Review: Gunpowder Heart
by Marta Bałaga
- It’s revenge for beginners in Camila Urrutia’s film, now being shown online as part of the SXSW 2020 Film Festival Collection
Following its last-minute cancellation due to the pandemic, SXSW still made sure that at least some of its orphaned titles would be seen, announcing the launch of the Prime Video Presents the SXSW 2020 Film Festival Collection: an online event that will run from 27 April to 6 May. Camila Urrutia’s Gunpowder Heart [+see also:
film profile] is one of the 39 films benefiting from such treatment and is all the better for it – while occasionally coming apart at the seams, it does have energy to spare and brings a whiff of awkward authenticity to the familiar narrative.
It’s only familiar at the beginning, though, as two girls, already romantically involved, are attacked one night by three men. The assailants flee, scared away, but Maria and Claudia (Vanessa Hernández and Andrea Henry, the latter all pink hair and men’s underwear) can’t just dust themselves off and go back to their lives. Despite all the signs that it’s that tricky rape-revenge territory all over again, Urrutia is good at showing how differently people respond to trauma, even one they happen to have shared – while one just wants to forget and move on, the other, seemingly more fragile, wants to see these men punished, and she has a gun at her disposal, too. She just needs to learn how to use it first.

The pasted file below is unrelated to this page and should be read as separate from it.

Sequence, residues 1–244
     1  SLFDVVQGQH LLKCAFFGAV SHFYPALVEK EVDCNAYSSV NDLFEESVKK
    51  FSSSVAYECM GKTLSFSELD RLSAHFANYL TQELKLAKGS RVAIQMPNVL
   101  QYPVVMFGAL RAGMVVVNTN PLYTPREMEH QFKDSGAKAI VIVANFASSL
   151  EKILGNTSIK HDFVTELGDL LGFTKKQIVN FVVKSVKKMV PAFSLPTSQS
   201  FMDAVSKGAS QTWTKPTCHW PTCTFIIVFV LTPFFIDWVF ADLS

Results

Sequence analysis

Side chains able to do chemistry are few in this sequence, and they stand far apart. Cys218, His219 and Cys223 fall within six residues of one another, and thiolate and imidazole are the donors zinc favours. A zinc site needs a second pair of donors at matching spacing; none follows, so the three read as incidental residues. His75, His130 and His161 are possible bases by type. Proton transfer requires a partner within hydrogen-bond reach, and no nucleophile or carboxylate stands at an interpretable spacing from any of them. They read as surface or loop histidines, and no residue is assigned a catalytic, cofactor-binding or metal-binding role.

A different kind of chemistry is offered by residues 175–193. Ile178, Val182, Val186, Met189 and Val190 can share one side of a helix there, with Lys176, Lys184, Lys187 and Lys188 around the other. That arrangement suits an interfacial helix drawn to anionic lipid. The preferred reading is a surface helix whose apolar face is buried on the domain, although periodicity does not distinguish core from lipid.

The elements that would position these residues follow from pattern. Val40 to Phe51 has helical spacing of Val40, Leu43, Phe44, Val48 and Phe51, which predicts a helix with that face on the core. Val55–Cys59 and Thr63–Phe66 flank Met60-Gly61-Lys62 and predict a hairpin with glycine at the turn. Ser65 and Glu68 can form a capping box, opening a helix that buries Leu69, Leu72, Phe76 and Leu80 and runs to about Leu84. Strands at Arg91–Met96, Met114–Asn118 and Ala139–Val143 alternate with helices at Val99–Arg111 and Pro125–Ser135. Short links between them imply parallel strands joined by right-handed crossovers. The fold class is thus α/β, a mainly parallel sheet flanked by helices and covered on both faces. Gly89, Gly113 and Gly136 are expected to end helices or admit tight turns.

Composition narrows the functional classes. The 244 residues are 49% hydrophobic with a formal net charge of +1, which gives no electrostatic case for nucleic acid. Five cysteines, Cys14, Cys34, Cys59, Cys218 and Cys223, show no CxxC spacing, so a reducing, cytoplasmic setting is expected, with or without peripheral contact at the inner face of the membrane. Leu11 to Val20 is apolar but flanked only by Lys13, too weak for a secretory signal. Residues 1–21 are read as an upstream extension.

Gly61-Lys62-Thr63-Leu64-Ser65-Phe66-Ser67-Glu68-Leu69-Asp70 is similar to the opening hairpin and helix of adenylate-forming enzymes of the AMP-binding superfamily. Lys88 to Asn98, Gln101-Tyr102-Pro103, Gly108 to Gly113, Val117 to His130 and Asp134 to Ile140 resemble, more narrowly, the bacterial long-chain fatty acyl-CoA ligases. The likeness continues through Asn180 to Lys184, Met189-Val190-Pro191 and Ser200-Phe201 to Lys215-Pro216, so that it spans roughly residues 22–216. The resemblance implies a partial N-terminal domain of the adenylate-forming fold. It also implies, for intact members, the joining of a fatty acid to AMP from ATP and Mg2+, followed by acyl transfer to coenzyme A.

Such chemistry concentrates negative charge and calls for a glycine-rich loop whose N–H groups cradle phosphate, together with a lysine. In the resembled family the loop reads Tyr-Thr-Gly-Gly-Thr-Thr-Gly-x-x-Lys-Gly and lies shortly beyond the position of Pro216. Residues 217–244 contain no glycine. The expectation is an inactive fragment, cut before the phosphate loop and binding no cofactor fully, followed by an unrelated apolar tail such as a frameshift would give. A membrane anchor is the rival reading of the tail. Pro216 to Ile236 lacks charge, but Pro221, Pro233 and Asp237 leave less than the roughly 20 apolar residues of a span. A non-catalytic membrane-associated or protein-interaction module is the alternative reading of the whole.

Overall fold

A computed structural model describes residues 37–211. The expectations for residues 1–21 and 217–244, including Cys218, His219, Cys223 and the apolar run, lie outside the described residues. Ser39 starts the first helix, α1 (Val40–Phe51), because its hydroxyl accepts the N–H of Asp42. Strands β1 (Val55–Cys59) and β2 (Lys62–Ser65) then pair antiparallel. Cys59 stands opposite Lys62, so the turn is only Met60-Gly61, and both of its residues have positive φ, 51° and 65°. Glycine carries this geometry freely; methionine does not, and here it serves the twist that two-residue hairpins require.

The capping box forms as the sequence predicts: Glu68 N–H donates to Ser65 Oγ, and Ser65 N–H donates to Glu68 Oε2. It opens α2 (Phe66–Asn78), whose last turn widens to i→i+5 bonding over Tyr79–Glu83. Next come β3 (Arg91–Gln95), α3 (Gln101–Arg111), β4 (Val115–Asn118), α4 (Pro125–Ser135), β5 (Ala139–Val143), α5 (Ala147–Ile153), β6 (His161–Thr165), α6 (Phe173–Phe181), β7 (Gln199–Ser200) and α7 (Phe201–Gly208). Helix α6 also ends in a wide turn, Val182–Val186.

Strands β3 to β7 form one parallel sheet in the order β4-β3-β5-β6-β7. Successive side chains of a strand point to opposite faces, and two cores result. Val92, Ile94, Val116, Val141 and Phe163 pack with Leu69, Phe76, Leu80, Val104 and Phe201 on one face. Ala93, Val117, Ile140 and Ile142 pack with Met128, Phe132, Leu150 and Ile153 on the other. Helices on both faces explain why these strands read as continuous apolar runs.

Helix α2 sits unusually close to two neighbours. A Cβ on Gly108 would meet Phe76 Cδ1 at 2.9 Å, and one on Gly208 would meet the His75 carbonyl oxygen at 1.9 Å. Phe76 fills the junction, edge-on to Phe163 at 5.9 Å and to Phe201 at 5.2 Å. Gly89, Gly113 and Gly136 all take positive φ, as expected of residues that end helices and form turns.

Indeed, the single best thing about Gunpowder Heart is that its heroines don’t really have time for “training montages” and coming back armed and fabulous, confident in each step taken as a newly formed angel of vengeance. Their reaction is immediate – it comes from the gut and, as such, is damned messy. They yell, they run around, they make mistakes, and they are scared out of their minds, still, and no “basic steps for firearm cleaning” tutorial is likely to change that any time soon. Not to mention that a relationship, shown as tender if slightly one-sided, slowly begins to crack as they appear utterly unable to give each other what they need most, be it emotional support or just good, old-fashioned protection. “If we are going to do something, we are going to do it together and we are going to do it right,” says one. But figuring out the logistics is another matter.
There are some observations here that, even as the acting hits an odd, false note, are uncomfortable in their truth – like seeing a victim suddenly freeze, petrified, as the perpetrators are revealed to be playing pool just beside her, without a care in the world. Girls just want to have fun, like anywhere else on the planet, but all it takes is one thoughtless moment, one swerve in the wrong direction, and it all comes falling down, even though this pair is more than aware of the danger perpetually lurking somewhere around the dark corners. It’s a peril that you have to confront on your own or not at all, actually, as the local police station has run out of paper, and “without paper, we can’t take your complaint”. It seems like peroxided philosopher Harley Quinn was right all along: psychologically speaking, vengeance rarely brings the catharsis we hope for.
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